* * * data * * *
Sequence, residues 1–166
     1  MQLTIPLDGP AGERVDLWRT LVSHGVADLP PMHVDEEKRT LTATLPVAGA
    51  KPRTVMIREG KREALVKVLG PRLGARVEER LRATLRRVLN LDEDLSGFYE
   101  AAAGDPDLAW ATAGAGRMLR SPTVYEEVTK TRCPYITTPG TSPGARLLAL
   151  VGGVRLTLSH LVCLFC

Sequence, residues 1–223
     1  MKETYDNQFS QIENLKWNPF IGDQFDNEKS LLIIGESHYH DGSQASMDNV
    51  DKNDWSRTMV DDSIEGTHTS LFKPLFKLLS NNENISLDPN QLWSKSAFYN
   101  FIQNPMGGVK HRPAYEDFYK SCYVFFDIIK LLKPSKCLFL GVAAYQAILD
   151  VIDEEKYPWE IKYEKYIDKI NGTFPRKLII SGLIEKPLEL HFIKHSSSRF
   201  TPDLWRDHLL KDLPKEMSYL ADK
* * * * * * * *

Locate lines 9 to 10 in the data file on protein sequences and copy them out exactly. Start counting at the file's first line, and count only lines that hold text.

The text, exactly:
   101  FIQNPMGGVK HRPAYEDFYK SCYVFFDIIK LLKPSKCLFL GVAAYQAILD
   151  VIDEEKYPWE IKYEKYIDKI NGTFPRKLII SGLIEKPLEL HFIKHSSSRF